• These are events with circumstances that are unusual or distressing and typically produce immediate and/or delayed emotional reactions that surpass the individual’s normal coping mechanisms and have the potential to interfere with usual functioning
  • Examples include: explosions, accidents, civil unrest, assaults, fire, terror attacks, etc.

The Psychological Impact of Trauma

Stress is a reaction to an event or situation that places pressure upon a person. When demands become extremely threatening, overwhelming, or severe, they provide a heightened state of physical, cognitive, behavioural and emotional arousal commonly called “traumatic stress”


Traumatic Stress


Shattered Assumptions (Janoff-Bullman)

  • The experience of trauma shatters two basic assumptions about the self and the world:
    • The belief in personal invulnerability or immortality
    • The belief that the world is a meaningful and orderly place, and that events happen for a reason
  • Violence, shatters a third belief: the trust that other human beings are fundamentally benign.
  • These 3 assumptions (or illusions) allow people to function effectively & to relate to others. After trauma, individuals are left feeling vulnerable, helpless and out of control in a world that is no longer predictable.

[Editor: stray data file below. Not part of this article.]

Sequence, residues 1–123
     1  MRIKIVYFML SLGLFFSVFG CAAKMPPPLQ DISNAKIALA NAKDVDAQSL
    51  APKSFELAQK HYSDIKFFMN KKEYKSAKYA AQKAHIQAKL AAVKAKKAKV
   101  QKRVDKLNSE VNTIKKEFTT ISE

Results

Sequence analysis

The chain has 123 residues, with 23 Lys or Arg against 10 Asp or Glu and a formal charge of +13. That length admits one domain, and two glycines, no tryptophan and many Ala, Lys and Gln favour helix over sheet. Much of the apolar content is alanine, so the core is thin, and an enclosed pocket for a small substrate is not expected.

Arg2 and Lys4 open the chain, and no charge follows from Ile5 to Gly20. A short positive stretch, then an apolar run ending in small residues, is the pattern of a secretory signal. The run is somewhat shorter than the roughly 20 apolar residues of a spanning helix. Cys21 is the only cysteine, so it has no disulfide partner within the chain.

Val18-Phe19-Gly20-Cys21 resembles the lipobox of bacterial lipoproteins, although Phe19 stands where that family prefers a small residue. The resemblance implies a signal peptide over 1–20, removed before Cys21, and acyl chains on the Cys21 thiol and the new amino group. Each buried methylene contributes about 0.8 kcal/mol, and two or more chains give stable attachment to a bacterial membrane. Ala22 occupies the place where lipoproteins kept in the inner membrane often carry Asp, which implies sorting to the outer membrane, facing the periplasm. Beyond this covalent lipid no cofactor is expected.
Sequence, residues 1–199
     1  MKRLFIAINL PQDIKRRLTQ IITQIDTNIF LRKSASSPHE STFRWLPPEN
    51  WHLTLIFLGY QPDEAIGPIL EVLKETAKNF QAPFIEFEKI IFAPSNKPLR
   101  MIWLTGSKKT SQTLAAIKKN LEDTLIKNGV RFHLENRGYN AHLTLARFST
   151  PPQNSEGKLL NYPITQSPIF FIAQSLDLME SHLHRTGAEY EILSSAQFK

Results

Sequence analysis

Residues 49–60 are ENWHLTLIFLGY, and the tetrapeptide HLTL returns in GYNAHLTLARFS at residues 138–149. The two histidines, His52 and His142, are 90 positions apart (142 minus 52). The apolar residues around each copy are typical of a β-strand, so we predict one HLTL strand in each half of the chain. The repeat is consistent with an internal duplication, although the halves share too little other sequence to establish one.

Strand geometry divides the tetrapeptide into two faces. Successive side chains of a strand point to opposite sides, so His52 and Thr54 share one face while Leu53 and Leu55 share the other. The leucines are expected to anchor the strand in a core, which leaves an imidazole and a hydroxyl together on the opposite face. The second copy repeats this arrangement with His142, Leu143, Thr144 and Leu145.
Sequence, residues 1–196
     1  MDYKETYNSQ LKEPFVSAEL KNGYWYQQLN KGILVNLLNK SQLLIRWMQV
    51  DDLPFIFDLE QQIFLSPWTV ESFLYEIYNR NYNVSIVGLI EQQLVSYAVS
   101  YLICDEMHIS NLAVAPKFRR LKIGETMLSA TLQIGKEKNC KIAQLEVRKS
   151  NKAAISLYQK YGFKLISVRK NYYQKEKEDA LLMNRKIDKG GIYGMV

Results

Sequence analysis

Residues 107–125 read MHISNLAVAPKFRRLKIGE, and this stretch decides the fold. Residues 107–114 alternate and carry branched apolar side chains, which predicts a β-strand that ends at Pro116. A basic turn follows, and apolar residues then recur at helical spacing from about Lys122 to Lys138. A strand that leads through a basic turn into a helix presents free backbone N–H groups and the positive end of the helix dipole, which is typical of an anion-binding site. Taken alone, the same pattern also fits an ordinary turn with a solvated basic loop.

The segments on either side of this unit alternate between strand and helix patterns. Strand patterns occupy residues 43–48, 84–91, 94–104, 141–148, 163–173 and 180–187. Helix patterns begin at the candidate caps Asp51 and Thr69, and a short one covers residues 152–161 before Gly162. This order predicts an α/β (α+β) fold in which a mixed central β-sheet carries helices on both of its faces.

The Psychological Impact of Trauma



Fear, sadness, rage




Refusing to face

memory of incident




Unbidden thoughts of

the event



Facing the reality of

what has happened



Going on with life



The signs & symptoms of PTSD

People often respond to a stressful or traumatic experience with very strong feelings. They start saying, feeling and doing things that they did not do before

The following reactions commonly occur in response to trauma (the response involves intense fear, helplessness or horror):

  • Re-experiencing the trauma (recollections, physical reactivity)
  • Avoidance or numbing (detachment, estrangement, forgetting)
  • Increased arousal (startle response, irritability, sleep problems)
  • Other symptoms (depression, guilt, cognitive problems)

Rescue & recovery personnel (fire, police ambulance etc)

Third level

Grieving relatives, friends and colleagues of first level individuals

Second level

Individuals directly experiencing the event who may or may not be physically injured

First level

4th level casualties

The community/organisation as a whole

The Ripple Effect



Vicarious traumatization: The transmission of traumatic stress by observation and/or bearing witness to the stories of traumatic events.

Secondary traumatization: The overwhelming traumatic effect resulting from exposure to the trauma of the victim.